From a clinical perspective, an “atypical antipsychotic” is defined in part by the “atypical” clinical properties that distinguish such drugs from conventional antipsychotics. That is, atypical antipsychotics have the clinical profile of equal positive symptom antipsychotic actions, but low extrapyramidal symptoms and less hyperprolactinemia compared to conventional antipsychotics. Thus, they are “atypical” from what is expected from a classical, conventional, first-generation antipsychotic. Since almost all of the agents with this atypical profile came after the introduction of clozapine, sometimes the atypical antipsychotics are also called second-generation antipsychotics.
From a pharmacological perspective, the current atypical antipsychotics as a class are defined as serotonin–dopamine antagonists, with simultaneous serotonin 5HT2A receptor antagonism that accompanies D2 antagonism (Figure 5-12). Pharmacologic actions in addition to 5HT2A antagonism that can hypothetically also mediate the atypical antipsychotic clinical profile of low EPS and less hyperprolactinemia with comparable antipsychotic actions include partial agonist actions at 5HT1A receptors and partial agonist actions at D2 receptors. Each of these mechanisms will be discussed here. In order to understand the mechanism of action of atypical antipsychotics and how this differs from conventional antipsychotics, it is necessary to have a somewhat detailed understanding of the neurotransmitter serotonin and its receptors; thus serotonin pharmacology will be discussed in detail throughout this chapter.
Figure 5-12. Serotonin–dopamine antagonist. The “atypicality” of atypical antipsychotics has often been attributed to the coupling of D2 antagonism with serotonin 5HT2A antagonism. On the right is an icon representing this dual pharmacological action.
Serotonin synthesis and termination of action
Serotonin is also known as 5-hydroxytryptamine and abbreviated as 5HT. Synthesis of 5HT begins with the amino acid tryptophan, which is transported into the brain from the plasma to serve as the 5HT precursor (Figure 5-13). Two synthetic enzymes then convert tryptophan into serotonin: firstly tryptophan hydroxylase (TRY-OH) converts tryptophan into 5-hydroxytryptophan, and then aromatic amino acid decarboxylase (AAADC) converts 5HTP into 5HT (Figure 5-13). After synthesis, 5HT is taken up into synaptic vesicles by a vesicular monoamine transporter (VMAT2) and stored there until it is used during neurotransmission.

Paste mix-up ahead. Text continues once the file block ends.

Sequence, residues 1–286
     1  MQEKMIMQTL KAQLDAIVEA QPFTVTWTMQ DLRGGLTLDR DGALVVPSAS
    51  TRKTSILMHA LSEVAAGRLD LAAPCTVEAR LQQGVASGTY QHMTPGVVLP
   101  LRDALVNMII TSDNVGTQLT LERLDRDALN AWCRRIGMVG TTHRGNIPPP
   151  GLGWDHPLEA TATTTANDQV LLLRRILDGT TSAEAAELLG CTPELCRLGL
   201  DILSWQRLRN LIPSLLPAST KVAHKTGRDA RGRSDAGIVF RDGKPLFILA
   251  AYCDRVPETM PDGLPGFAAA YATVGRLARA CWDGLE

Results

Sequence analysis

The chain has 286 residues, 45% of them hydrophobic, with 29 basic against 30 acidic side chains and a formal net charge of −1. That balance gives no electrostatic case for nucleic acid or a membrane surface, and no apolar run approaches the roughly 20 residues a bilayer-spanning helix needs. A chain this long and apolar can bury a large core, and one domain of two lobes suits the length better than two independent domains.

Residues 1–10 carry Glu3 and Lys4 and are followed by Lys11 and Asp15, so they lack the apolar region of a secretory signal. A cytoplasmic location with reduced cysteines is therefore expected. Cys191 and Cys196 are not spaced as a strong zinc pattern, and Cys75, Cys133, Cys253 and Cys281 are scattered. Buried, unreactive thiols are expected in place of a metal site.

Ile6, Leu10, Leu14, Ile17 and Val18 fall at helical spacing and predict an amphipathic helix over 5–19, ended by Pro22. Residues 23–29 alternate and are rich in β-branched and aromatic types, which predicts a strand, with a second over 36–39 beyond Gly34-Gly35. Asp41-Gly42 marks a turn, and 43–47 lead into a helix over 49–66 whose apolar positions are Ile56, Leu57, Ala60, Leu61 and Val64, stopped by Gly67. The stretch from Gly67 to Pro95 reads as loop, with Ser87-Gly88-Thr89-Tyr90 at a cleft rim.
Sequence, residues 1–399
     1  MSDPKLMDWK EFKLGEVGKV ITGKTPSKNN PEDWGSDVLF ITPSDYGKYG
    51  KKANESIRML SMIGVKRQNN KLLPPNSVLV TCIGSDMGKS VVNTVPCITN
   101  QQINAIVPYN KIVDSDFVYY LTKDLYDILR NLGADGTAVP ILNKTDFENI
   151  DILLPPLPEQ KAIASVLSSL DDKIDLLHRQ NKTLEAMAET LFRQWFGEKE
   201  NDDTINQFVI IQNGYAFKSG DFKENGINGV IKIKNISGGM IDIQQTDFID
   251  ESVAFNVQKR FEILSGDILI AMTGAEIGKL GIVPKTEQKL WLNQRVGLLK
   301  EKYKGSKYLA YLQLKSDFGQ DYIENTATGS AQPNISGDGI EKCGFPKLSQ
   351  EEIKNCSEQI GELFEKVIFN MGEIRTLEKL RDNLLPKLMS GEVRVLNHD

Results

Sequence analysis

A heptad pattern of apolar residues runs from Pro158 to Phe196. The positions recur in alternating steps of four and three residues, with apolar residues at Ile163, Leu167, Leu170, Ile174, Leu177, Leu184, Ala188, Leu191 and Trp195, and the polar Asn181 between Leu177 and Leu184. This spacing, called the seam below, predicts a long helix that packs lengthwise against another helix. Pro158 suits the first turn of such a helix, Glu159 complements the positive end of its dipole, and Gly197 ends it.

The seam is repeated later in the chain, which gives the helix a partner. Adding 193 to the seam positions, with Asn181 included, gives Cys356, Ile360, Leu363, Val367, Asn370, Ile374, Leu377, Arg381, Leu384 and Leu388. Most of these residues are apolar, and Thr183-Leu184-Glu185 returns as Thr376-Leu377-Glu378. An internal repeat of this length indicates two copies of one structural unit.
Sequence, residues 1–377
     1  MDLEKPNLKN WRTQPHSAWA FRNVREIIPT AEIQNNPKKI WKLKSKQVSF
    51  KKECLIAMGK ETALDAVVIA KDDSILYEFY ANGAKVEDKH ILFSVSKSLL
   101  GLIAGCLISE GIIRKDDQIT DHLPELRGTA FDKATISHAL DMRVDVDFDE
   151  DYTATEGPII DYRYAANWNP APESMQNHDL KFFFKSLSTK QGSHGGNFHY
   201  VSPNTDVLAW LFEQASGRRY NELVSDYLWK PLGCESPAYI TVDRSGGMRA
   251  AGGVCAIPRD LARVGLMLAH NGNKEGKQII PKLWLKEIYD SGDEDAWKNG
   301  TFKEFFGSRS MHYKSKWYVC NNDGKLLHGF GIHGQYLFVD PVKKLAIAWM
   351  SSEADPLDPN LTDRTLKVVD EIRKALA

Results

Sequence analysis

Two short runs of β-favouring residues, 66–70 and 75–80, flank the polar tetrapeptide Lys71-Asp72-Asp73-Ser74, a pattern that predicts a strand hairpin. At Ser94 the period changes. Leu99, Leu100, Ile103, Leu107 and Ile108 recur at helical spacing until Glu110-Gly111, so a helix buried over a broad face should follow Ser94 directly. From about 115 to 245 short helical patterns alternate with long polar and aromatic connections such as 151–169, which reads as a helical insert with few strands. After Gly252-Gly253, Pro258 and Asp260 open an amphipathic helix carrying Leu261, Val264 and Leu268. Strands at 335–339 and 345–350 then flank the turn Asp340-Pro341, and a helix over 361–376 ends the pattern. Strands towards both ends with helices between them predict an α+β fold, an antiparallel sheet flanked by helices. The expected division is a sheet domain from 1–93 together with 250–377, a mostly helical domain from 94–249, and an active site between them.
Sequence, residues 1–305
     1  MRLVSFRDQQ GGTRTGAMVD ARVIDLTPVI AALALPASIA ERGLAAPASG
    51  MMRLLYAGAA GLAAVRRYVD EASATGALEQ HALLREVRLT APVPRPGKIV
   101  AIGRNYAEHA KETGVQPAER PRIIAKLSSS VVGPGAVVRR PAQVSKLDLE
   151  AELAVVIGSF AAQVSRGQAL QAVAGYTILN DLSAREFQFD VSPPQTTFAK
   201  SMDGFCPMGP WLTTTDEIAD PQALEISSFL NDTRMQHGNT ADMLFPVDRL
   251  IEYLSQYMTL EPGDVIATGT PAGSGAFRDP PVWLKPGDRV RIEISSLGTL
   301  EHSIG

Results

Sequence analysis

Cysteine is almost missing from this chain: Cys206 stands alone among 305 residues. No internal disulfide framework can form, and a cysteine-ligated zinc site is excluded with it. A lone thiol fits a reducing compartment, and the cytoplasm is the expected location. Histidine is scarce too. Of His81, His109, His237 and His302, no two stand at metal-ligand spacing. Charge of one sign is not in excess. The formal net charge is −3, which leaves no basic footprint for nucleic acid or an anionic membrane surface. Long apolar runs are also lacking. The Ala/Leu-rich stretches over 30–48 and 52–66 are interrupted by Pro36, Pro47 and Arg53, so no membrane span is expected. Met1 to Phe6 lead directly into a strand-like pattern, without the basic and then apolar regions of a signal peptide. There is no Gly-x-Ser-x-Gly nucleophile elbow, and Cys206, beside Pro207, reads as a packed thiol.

Figure 5-13. Serotonin is produced. Serotonin (5-hydroxytryptamine [5HT]) is produced from enzymes after the amino acid precursor tryptophan is transported into the serotonin neuron. The tryptophan transport pump is distinct from the serotonin transporter. Once transported into the serotonin neuron, tryptophan is converted by the enzyme tryptophan hydroxylase (TRY-OH) into 5-hydroxytryptophan (5HTP), which is then converted into 5HT by the enzyme aromatic amino acid decarboxylase (AAADC). Serotonin is then taken up into synaptic vesicles via the vesicular monoamine transporter (VMAT2), where it stays until released by a neuronal impulse.
5HT action is terminated when it is enzymatically destroyed by monoamine oxidase (MAO), and converted into an inactive metabolite (Figure 5-14). Serotonergic neurons themselves contain MAO-B, which has low affinity for 5HT, so much of 5HT is thought to be enzymatically degraded by MAO-A outside of the neuron once 5HT is released. The 5HT neuron also has a presynaptic transport pump for serotonin called the serotonin transporter (SERT) that is unique for 5HT and that terminates serotonin’s actions by pumping it out of the synapse and back into the presynaptic nerve terminal where it can be re-stored in synaptic vesicles for subsequent use in another neurotransmission (Figure 5-14).
Figure 5-14. Serotonin’s action is terminated. Serotonin (5HT) action is terminated by the enzymes monoamine oxidase A (MAO-A) and MAO-B outside the neuron, and by MAO-B within the neuron when it is present in high concentrations. These enzymes convert serotonin into an inactive metabolite. There is also a presynaptic transport pump selective for serotonin, called the serotonin transporter or SERT, that clears serotonin out of the synapse and back into the presynaptic neuron.
The key to understanding why antipsychotics are atypical is to understand the pharmacology of 5HT2A receptors, and the significance of what happens when they are blocked by atypical antipsychotics. All 5HT2A receptors are postsynaptic, and 5HT2A receptors are located in many brain regions. When they are located on cortical pyramidal neurons, they are excitatory (Figure 5-15A, box 1) and can thus enhance downstream glutamate release (Figure 5-15A, box 2). As discussed in Chapter 4, glutamate regulates downstream dopamine release, so stimulating (Figure 5-15A) or blocking (Figure 5-15B) 5HT2A receptors can therefore also regulate downstream dopamine release. Cortical 5HT1A receptors also regulate downstream dopamine release (Figure 5-15C, discussed below).